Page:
First, we must recognise the role that white staff can and should play. It may be hard for white people to accept that we are all part of the problem. Almost all of us as individuals will say we are not – ‘it’s other white people’, but, in reality, we are all part of the problem and we should all be part of the solution. Research (yes, guided by the science www.workplaceedi.com) suggests how we might start.
We have focused here on what all of us working in health and social care can do, whatever the setting. Why? Because it’s right and because each one of us can take action to change, regardless of where we are in the hierarchy, whatever our role. If not now in this crisis, when? If not you, then who?
Honouring the contributions of ethnic minority staff and the sacrifices they have made demands that we each commit to this. This is how the light gets in.
Its time to move from 'Everyday Racism' to 'Everyday Activism'
All support from our Allys is greatly valued, & very much needed. We are definitely in this together.
This is a very good piece of work thank you. I appreciate the fact that individuals have to make positive changes in addition to system changes in the NHS. Disciplinary policies and capability policies should not only be strictly adhered to for junior staff but also for senior staff.
Thank you Suzie and Michael - I type with tears in my eyes
I remain hopeful of an NHS that stands out globally for Inclusive Practice
Thank you Suzie & Michael. I read this article with hope and anticipation for a better future for BAME staff in the NHS. Its the first time I have seen real practical suggestions that our white colleagues can implement as individuals to improve the health & wellbeing of BAME staff in the workplace. These should be written in the senior leaders competency based job description and form part of their work plan as accountability is the key. Where there is no accountability and demonstrable evidence of implementation demonstrated then no change will be manifested. I hope what is written here will be read by all who will make it their responsibility to share empathy, compassion and real care for what BAME staff go through on a daily basis.
One of the big challenges is reaching those who do not believe they are rascist because of the preconceived beliefs they hold about 'others' (that's every single one of us!). Trusts are starting to deal with unconscious bias, but there is a lot of work needed to convince people that there is a problem to overcome and to ensure that the training / awareness solutions are robust enough to be successful.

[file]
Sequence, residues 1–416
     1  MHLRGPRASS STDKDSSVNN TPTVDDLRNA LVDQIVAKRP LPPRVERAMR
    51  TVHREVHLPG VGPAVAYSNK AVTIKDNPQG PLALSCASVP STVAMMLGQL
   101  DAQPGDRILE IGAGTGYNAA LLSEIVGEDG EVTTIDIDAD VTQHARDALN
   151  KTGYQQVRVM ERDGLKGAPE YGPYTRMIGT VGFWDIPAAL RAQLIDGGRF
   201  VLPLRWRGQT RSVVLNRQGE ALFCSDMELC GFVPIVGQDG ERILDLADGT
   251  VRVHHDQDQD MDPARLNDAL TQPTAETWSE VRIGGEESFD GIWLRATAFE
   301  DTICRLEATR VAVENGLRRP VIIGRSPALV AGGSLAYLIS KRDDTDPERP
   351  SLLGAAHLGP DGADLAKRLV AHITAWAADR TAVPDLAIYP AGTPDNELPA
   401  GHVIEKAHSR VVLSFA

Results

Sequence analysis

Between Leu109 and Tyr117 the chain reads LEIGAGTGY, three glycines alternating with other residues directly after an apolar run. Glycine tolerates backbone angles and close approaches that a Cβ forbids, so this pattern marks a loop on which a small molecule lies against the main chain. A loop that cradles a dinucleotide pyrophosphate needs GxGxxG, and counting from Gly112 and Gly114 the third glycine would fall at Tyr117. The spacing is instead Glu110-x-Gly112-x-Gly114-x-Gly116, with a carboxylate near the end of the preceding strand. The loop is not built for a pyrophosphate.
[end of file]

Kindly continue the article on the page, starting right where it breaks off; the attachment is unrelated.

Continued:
A very enlightened blog on a hugely important issue. But on the other side of the "what are we to do?" coin, we need to deploy the best epidemiology/big data and clinical science to understand the underlying pathobiology of the problem. Clearly aspects of deprivation are a major factor, but we still do not know why some populations are more predisposed to the infection, or do worse when infected. Until we have better mechanistic insights, some ethnic minority groups will continue to have an added disadvantage.
Worrying figures, disturbing facts. But it is hard to see that workers in health care can achieve much while racism is deeply rooted in the country's governing political party.
I agree with all that has been said - we need the public inquiry to inform us and equally need to act on the data that we do have and take steps now to protect BME staff. But whatever steps are taken, however well intentioned, we must take heed of the underlying causes of structural racism and inequalities. I am still astonished that the images from the outset of this crisis didn't include BME staff in senior leadership roles- it seems a very basic thing to get right -and the importance of valuing and including all staff in such comms cannot be underestimated if we are to have inclusive leadership and equality.
"And those from ethnic minority groups are more likely to be concentrated in poorer areas, live in overcrowded housing and in inter-generational households."
A missing factor is the phenomenon of 'chain migration' and the social clustering in communal organisations, restaurants etc, whether linguistic, ethnic or religious. The Covid-19 disparity is also seen in Britain's Jewish community, especially amongst the ultra-orthodox, as seen in New York and in Israel. The degree to which these minorities are closely knit socially facilitates the spread of any virus.
I am pleased with the research outcome, Iam typing with tears, I am going to Jamaica aftet Covid19 and I will read this findings sitting on my grandmother's grave. She worked in the NHS for over 35 years she was a windrush girl. She begged me not to peruse a career in the field of nursing I did not take her advice, the way am feeling now I wish I had listened. There seem to be light close to the end of the tunnel.